standing outside. The men were
all quite old, in their late seventies and eighties. They looked sad and
in worse physical shape than
elderly people in the US or Israel. I spoke with some in Yiddish, just
some friendly but insubstantial
conversation. They were all people who were not born in Czernowitz they
had come from other parts
of the USSR. More elderly and two or three younger men arrived later. I
did not like rabbi Kofmanski,
nor would I entrust him with money. Whether he does anything useful for
his congregation I do not know.

We had dinner at the Cheremosh with the documentary film team which
produced "Herr Zwilling und Frau
Zuckermann". ( A documentary about two old time elderly Czernowitzers
who had remained in the city)
They were in Chernivtsi to film another documentary. The food was very
good, different kinds of warm
and cold appetizers, varenyiki, blintzes, caviar and excellent Russian

The next day was to be our most exciting day during this trip; we first
drove to various locations friends had
asked me to photograph, as well as some I had heard about from my
parents, but did not know personally.
This gave us a chance to see various parts of town. The public
administration buildings and schools were
beautiful if not spectacular and had been well maintained. The
university buildings, particularly those which
had previously been the residence of the Archbishop were very beautiful.
The students looked much like
students anywhere, except for the lack of nose rings, torn clothing and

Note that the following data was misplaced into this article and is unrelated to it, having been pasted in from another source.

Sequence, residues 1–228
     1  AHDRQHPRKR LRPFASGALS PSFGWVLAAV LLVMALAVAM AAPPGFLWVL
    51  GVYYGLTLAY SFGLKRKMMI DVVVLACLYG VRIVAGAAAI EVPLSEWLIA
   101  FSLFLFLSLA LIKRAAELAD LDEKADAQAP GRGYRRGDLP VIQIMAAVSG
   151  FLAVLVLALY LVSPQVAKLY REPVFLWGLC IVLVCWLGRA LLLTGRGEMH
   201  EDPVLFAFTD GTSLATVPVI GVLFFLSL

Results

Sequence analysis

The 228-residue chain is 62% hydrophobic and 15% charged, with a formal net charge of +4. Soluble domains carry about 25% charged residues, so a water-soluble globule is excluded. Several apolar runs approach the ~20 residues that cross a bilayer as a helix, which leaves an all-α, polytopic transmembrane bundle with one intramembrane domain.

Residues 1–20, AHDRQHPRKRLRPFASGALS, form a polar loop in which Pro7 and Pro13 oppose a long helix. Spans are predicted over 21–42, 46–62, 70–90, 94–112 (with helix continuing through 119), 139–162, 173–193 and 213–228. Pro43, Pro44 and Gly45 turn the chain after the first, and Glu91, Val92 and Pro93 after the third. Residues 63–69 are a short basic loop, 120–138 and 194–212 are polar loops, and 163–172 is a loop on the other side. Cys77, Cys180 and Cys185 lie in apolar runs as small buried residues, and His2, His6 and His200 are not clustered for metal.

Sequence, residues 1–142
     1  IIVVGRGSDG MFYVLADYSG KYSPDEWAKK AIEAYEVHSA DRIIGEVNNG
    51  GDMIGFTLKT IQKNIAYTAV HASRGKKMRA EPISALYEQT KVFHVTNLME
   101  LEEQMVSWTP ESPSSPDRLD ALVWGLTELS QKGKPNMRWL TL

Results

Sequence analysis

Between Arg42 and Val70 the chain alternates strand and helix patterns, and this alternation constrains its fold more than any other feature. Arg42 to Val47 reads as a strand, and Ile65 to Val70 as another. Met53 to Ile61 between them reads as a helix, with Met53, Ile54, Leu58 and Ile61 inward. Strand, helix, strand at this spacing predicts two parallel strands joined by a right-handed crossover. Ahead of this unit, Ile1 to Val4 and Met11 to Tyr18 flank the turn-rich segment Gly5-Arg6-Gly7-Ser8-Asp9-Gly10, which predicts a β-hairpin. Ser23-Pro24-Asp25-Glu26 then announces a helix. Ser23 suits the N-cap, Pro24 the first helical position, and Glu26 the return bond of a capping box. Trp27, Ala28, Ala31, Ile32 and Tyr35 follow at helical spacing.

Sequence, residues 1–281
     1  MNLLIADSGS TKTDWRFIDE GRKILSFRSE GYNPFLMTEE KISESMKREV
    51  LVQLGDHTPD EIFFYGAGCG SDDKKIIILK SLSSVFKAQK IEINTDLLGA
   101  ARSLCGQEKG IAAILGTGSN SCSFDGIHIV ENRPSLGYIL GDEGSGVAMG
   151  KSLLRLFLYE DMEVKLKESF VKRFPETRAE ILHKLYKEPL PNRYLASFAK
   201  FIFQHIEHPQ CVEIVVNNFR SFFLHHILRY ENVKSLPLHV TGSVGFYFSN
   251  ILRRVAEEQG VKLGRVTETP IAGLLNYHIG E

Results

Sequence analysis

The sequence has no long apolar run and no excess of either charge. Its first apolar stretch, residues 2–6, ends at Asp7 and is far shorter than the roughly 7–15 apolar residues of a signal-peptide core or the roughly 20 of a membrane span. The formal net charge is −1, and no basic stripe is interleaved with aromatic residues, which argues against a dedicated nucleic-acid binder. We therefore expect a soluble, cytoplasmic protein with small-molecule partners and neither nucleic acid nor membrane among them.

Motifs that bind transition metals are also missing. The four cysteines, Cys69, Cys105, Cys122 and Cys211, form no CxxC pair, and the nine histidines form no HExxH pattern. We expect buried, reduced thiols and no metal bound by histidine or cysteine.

purple and green hair. Apartment
houses and single family houses mostly looked shabby and neglected. Some
had obviously been stylish
buildings when they were built, others were simple and functional. Many
had corrugated iron roofs, which
I cannot remember if they had previously. "Der Schwarze Adler" looks
newly renovated, but is not used as
a hotel or restaurant. "Der Temple" is now a garish looking cinema. I
looked for the apartment house on the
former Karolinengasse in which my mother was born and lived till the age
of 16 or 17. She was not fond of
the building, referring to it as a "Miet Kaserne" (rental Barracks), but
it was very close to the temple, where
she sang in the choir when Joseph Schmidt sang as cantor. I wanted to
see the neighborhood in which she
had grown up. It looked better than I had expected, certainly better
than the apartment buildings which were
built during the Soviet period. The house of my paternal grandparents in
Manasteriska, also looked much
better than I thought it would. I had no memory of it, but knew my
grandparents had been quite poor and
Manasteriska was not considered a desirable neighborhood. Now it looks
rural compared to other parts of the
city, the buildings are all modest and small, but not in worse shape.
Next we drove through Revna, the village
in which my paternal grandmother was born. It is quite a small village,
its houses scattered in a pleasant hilly
area next to the Prut.

Our next destination was Klivodin, the village in which my maternal
grandmother was born and in which her
youngest brother, Jakob Fruchter, continued to live till he was deported
to Transnistria. In the summer of 1944
he arrived in Czernowitz, a broken man. He was emaciated, suffered from
various injuries which were the result
of a severe beating he received in one of the camps, he was crawling
with lice and he had just found out that his
wife and 3 children were all dead. After some time he went to Klivodin
to see whether he could salvage anything
of his farm. When he next came to Czernowitz, he had recovered
physically and told us how very well one of
his Ukrainian neighbors had cared for him. My mother credited this woman
not only with her uncle's bodily
recovery but also with restoring his will to live. I was going to
Klivodin in the hope that I might find some old
people who would remember my great uncle Jakob and possibly find the
descendants of the woman who had
been so kind to him. I also wanted to see the village in which my
grandmother had grown up. On the way there
we passed through Kitzman, which is a larger village, and Zoya said that